Before getting into the specifics of the WEFA study, it is worth briefly explaining the basic logic of the methodology that the study uses, since there is much confusion on this issue. The model used by WEFA, like most economic forecasting models, assumes that the economy generally operates at full employment, in the sense that workers who want a job at the prevailing wage can find one. In this model, the unemployed are not workers who literally cannot find a job, but rather people who opt not to work at the wage rate they see in the market. The oil in the Arctic Refuge creates jobs by effectively raising the real wage, through lowering the price of oil. At a higher real wage, more people decide to work, and therefore the economy has more jobs.
This means that the 750,000 additional jobs shown in the study’s most cited scenario, corresponds to 750,000 people opting to work as a result of the increase in the real wage resulting from the drop in oil prices. For example, if the oil from the refuge raises the real wage by 1.0 percent (a considerable overstatement of the effect projected in the WEFA study), then workers who opted to remain unemployed when offered a real wage of $10.00 per hour, opted to work, now that they can receive $10.10 per hour.
It is important to distinguish this labor supply story from a labor demand story, in which the direct employment from drilling the oil creates the job gains. While it is true that oil production in the Arctic Refuge will directly create jobs, the standard assumption is that these job gains are largely offset by job loses elsewhere. For example, the construction workers who will be employed in constructing new pipelines and other facilities are primarily workers who otherwise would have been building oil facilities or other structures outside of the Arctic Refuge. Similarly, some number of workers will be employed in operating the drills. But these workers will be displacing coal miners, who will lose jobs as power plants and other facilities switch from coal to oil, as a result of the drop in oil prices caused by production in the Arctic Refuge.
The model used by WEFA, like the vast majority of economic forecasting models, assume that all these demand side effects net out. The only way that employment can rise is if the real wage rises. The rise in the real wage depends entirely on the extent to which the oil in the refuge leads to a reduction in world oil prices. The increase in employment that results will in turn depend on the responsiveness of employment (or labor supply) to the decline in oil prices. These items will be the focus of this analysis.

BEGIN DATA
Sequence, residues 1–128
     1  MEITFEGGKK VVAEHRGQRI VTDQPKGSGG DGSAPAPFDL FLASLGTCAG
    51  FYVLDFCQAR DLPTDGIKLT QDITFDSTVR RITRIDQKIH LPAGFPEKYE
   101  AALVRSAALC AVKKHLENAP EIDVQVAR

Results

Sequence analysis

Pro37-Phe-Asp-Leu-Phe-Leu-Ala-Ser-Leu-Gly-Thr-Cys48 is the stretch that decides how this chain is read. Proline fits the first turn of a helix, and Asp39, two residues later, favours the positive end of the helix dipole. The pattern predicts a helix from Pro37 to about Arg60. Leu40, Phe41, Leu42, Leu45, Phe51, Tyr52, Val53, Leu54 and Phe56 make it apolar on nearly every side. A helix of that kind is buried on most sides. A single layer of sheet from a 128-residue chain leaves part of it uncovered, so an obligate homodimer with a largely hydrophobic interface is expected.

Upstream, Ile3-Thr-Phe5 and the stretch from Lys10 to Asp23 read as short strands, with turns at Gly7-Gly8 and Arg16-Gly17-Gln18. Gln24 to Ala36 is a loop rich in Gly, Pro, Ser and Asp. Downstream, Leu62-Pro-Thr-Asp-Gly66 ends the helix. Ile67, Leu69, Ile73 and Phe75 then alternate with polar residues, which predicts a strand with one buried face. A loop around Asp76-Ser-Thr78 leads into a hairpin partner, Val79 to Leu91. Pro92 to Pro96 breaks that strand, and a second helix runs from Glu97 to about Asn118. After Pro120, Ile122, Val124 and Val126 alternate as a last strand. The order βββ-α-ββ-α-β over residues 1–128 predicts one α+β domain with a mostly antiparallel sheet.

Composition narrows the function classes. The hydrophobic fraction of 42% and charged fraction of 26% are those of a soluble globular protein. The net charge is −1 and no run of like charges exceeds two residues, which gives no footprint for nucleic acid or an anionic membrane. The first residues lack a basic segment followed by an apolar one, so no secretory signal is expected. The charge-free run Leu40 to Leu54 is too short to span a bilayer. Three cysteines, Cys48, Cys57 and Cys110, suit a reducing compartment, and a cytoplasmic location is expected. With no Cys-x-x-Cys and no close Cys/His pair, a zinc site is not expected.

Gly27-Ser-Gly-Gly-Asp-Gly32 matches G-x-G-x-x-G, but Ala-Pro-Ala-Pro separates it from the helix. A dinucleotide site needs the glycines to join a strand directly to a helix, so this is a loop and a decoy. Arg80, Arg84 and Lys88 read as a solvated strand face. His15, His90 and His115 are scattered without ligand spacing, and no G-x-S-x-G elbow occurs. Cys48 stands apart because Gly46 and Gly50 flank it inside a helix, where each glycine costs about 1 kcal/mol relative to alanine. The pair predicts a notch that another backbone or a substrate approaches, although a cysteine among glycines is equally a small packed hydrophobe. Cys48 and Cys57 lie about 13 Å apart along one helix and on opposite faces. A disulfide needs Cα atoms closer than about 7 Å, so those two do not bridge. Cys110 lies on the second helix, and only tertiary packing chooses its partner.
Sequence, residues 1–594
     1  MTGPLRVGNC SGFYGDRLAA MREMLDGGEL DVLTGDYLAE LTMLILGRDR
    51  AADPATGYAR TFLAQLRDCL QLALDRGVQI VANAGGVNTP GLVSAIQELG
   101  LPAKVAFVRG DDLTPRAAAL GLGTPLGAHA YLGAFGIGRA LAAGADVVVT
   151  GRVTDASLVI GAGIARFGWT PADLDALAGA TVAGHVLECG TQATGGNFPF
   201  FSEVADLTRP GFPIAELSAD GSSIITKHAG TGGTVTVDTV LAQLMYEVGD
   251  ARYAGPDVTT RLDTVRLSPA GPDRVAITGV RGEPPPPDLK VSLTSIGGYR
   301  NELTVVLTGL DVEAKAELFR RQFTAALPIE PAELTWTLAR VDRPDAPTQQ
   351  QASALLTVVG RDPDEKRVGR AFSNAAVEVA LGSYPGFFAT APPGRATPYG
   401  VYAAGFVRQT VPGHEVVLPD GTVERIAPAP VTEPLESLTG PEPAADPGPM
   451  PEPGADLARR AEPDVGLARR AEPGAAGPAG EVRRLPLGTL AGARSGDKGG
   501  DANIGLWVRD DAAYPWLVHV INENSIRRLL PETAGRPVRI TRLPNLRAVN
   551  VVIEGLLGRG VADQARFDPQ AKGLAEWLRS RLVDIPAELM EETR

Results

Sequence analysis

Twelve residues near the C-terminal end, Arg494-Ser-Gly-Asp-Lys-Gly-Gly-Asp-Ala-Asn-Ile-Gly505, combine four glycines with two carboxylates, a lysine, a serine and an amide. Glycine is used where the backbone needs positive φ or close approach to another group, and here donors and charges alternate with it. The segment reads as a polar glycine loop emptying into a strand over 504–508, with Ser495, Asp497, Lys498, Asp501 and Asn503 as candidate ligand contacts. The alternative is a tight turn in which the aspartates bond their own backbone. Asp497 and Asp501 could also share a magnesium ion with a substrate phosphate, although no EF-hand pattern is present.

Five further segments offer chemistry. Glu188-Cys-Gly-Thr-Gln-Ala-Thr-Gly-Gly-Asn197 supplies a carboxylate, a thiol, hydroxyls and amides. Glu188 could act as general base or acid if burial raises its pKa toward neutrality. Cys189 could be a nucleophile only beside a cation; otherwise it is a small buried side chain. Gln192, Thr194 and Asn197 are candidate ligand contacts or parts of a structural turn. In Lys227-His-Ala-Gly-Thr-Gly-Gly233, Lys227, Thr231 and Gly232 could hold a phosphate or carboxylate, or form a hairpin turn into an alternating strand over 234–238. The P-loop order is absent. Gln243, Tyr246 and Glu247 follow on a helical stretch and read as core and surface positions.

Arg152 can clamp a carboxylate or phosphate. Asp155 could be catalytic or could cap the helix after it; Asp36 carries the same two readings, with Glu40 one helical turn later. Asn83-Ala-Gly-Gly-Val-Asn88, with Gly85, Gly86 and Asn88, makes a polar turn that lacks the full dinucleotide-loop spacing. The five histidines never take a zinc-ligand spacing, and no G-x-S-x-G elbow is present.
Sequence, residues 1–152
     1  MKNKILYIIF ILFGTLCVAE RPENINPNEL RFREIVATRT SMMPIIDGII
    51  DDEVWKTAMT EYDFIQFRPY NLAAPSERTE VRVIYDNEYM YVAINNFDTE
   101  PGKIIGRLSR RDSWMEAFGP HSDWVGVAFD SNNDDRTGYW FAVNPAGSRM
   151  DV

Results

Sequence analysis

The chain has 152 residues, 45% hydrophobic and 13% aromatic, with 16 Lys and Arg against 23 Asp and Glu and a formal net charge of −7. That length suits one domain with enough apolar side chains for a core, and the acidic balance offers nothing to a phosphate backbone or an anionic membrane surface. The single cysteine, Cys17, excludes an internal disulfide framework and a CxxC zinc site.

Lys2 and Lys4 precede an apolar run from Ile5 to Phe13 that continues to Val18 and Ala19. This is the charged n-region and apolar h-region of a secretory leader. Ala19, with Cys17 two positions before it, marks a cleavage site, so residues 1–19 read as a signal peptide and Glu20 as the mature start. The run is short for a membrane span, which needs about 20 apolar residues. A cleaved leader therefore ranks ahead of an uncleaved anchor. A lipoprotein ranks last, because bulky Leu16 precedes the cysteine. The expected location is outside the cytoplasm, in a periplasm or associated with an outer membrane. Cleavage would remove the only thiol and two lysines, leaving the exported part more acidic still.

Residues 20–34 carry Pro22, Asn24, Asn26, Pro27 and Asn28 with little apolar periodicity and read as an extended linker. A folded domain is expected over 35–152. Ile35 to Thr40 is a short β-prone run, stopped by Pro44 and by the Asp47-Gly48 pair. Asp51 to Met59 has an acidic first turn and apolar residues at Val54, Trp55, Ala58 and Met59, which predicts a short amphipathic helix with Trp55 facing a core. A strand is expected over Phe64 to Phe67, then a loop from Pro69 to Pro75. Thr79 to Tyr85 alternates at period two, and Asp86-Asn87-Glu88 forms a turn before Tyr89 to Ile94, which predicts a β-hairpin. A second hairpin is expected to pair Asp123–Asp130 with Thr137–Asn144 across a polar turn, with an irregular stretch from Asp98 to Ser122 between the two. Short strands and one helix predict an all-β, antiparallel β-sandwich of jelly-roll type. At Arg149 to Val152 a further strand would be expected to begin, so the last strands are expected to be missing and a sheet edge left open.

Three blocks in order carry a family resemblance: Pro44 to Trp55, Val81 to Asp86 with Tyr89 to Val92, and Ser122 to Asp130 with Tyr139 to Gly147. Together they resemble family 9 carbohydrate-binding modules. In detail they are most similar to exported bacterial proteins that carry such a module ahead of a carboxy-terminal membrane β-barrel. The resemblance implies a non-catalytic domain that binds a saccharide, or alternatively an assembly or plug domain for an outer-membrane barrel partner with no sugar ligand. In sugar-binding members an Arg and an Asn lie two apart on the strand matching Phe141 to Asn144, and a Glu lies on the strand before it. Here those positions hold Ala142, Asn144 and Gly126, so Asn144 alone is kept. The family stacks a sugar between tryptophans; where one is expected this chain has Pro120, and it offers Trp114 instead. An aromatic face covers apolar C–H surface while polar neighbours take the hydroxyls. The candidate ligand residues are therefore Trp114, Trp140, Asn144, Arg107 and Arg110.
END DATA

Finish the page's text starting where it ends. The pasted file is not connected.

There are three key assumptions in the WEFA study which are questionable in light of the economic developments of the last decade and other information: These assumptions concern:
1) the size of the world’s oil supply in the period during which the oil from the Arctic Refuge comes on line;
2) the supply response of other oil producers to the drop in world oil prices resulting from
production in the Arctic Refuge; and
2) the sensitivity of employment and economic output to the drop in oil prices resulting from production in the Arctic Refuge.
These issues will be considered in turn.
The assumption used in this study on the first point has been shown to be far off the mark. Its estimate of world oil production during the period when the oil in the Arctic Refuge is being developed is far below what current evidence indicates is plausible. The WEFA study estimated that world oil production would be 55.03 million barrels per day (MBD), when the fields in the refuge hit their peak production. The most recent projection from the Energy Information Agency (EIA) puts world oil production nearly twice as high, at 102.6 MBD, when oil production from the Arctic Refuge would approach its peak in 2015, if it were authorized in the near future.